Coronavirus: Health Secretary Matt Hancock attacks 'flawed goal' of herd immunity

Tuesday 13th October 2020 20:46 BST

Speaking during a debate on the government's new three-tier COVID-19 restrictions, Matt Hancock said he wanted to confront the argument for adopting such an approach "head on".

"If we let this virus continue unchecked, the loss of life would be simply too great to contemplate," he told MPs.

Herd immunity is the resistance to a contagious disease within a population because enough people have become immune, making it harder for it to spread.

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Mr Hancock's remarks come after the release of the so-called Great Barrington declaration.

Signed by leading experts from the universities of Oxford, Nottingham, Edinburgh, Exeter, Cambridge, Sussex and York, it suggests herd immunity as a way forward.

But it counts homeopaths, therapists and fake names among its "medical" signatories, leading to accusations that it falsely represents scientific support for the controversial position.

Mr Hancock joined the chorus of criticism of the declaration, saying it is "underpinned by two central claims" that are "emphatically false".

"First, it says that if enough people get COVID, we will reach herd immunity. This is not true," the health secretary said.

"Many infectious diseases never reach herd immunity, like measles and malaria and Aids and flu, and with increasing evidence of reinfection, we should have no confidence that we would ever reach herd immunity to COVID even if everyone caught it.

"Herd immunity is a flawed goal without a vaccine, even if we could get to it, which we can't.

"The second central claim is that we can segregate the old and the vulnerable on our way to herd immunity.

"This is simply not possible."

Mr Hancock added: "We are not the kind of country that abandons our vulnerable or just locks them up."

Mark Woolhouse, professor of infectious disease epidemiology at the University of Edinburgh, said in response to Mr Hancock's comments that herd immunity will be critical in the long term to end the pandemic.

Professor Woolhouse said: "Going forward, we would expect more people to be exposed at some stage or another and that immunity would be important, whether natural or through a vaccine.

"Herd immunity is the way this thing ends, one way or another, it is critical to what happens to COVID-19 in the long term.

"Whether he (Mr Hancock) calls it a goal or not, it will end with herd immunity."

Sir Patrick Vallance, England's chief scientific adviser, mentioned herd immunity when discussing the government's approach in early March.

But Number 10 has denied that this was ever the government's official strategy for fighting coronavirus.

MPs are voting on the government's new COVID-19 measures, which will see areas given "medium", "high" and "very high" alert levels.

The move, which is expected to be given the green light by MPs and come into force on Wednesday, is aimed at simplifying the range of different restrictions already in place.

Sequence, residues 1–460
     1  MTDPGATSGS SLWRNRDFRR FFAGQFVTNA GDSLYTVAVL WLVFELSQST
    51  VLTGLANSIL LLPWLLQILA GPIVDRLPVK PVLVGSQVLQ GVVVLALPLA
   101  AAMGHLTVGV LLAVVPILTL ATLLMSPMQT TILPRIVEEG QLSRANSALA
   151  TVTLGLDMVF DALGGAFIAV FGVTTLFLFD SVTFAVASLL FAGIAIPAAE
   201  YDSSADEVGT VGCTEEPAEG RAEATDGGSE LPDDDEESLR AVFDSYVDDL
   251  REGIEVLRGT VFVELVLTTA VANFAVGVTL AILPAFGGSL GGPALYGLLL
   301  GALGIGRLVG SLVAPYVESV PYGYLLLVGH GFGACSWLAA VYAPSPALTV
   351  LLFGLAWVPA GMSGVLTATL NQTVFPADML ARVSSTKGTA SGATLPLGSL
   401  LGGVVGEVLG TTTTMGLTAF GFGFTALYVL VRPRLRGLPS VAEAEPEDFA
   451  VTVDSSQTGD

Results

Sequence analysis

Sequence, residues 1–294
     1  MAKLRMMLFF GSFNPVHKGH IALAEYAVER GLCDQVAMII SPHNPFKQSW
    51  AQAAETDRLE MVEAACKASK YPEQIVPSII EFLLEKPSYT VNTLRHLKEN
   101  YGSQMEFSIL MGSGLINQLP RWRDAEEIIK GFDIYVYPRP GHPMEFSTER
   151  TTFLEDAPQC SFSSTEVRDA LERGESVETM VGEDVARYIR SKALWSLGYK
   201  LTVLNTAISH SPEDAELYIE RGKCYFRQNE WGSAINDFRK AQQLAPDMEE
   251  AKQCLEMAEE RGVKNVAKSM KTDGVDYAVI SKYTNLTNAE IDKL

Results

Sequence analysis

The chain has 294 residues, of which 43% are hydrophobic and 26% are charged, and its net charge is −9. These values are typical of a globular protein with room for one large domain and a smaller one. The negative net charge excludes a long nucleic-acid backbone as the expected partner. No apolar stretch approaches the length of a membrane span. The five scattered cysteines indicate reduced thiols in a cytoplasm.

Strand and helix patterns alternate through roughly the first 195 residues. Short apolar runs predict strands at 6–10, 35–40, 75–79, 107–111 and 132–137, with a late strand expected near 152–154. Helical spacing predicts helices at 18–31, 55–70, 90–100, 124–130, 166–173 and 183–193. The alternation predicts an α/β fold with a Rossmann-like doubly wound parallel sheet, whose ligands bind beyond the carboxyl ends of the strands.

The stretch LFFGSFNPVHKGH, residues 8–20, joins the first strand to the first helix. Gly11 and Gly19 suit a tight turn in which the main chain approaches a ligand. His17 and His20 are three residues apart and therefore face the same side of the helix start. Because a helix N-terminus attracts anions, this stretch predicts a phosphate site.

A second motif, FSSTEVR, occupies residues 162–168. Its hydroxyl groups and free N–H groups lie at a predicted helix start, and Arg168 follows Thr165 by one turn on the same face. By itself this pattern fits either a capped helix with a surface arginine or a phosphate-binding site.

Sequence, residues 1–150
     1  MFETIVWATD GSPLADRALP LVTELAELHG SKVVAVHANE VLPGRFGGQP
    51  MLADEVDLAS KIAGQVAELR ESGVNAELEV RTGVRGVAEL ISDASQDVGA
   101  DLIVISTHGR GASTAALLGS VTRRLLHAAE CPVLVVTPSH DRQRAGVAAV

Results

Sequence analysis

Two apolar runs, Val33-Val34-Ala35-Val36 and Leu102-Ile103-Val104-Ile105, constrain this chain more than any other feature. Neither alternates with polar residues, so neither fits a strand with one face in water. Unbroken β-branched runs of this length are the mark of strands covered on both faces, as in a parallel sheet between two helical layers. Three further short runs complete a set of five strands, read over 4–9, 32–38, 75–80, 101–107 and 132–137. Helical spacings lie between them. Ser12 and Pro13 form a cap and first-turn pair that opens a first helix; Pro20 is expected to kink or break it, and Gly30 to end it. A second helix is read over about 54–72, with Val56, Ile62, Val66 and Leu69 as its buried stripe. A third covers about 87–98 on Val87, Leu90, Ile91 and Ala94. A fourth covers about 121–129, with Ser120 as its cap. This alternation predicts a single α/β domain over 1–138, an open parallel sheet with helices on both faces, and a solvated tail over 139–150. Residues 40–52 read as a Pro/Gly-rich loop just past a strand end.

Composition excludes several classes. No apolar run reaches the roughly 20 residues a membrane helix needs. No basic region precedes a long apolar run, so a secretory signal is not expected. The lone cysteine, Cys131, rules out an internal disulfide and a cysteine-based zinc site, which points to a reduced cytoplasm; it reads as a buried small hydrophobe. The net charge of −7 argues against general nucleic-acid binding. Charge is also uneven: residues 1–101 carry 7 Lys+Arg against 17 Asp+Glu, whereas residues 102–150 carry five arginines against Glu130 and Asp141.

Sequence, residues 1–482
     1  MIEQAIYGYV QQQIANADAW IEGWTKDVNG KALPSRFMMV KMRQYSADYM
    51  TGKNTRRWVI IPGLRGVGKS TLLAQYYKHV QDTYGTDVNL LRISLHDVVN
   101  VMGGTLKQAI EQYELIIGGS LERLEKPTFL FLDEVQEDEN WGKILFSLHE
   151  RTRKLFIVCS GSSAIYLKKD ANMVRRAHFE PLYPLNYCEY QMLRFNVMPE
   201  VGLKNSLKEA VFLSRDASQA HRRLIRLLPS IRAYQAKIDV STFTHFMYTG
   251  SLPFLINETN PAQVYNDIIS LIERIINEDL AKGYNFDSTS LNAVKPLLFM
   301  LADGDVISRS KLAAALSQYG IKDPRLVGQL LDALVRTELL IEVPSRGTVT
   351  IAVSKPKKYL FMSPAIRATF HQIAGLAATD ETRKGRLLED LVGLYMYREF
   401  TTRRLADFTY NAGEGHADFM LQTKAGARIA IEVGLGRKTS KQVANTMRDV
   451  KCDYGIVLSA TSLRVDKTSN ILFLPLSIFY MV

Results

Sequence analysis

There has been anger among some local leaders, with claims that Westminster has imposed restrictions without adequate consultation and questions about the efficacy of the measures.

Tier 1, "medium", will cover a significant part of England and includes the current national restrictions such as the "rule of six" and the 10pm curfew for pubs, bars and restaurants.

Tier 2, "high", will see people prevented from socialising with other households indoors, although support bubbles will still be permitted.

In these areas, the rule of six will continue to apply outdoors in public spaces, as well as private gardens.

The "very high" alert level (Tier 3) will see people banned from socialising with other households both indoors and in private gardens, while bars and pubs will be closed unless they can operate as restaurants.

Alcohol could be served in pubs operating as restaurants in these areas, but only as part of a meal.

Residents will also be advised against travelling in and out of these areas, while it will be up to local politicians as to whether other leisure venues such as gyms and casinos should also close.

Mr Hancock told the Commons "we do not rule out" further restrictions in hospitality, leisure, entertainment and personal care sectors.

He said that ministers had decided to "restrict socialising because that way we reduce the transmission with the least damage to education and the economy".

Labour's shadow health secretary Jonathan Ashworth said a "clear plan" was needed from Boris Johnson.

"Our constituents will ask is history repeating itself? Because if these tiers don't work, then what? Tier 4? Tier 5? What's the plan?

"Well, there isn't one. We had whack-a-mole, a fairground game but it was never a strategy.

"It was just a soundbite from the circus ring showman. We've had exaggerated claims, complaints when challenged, a lack of transparency with the public but now further action and a clear plan is needed."

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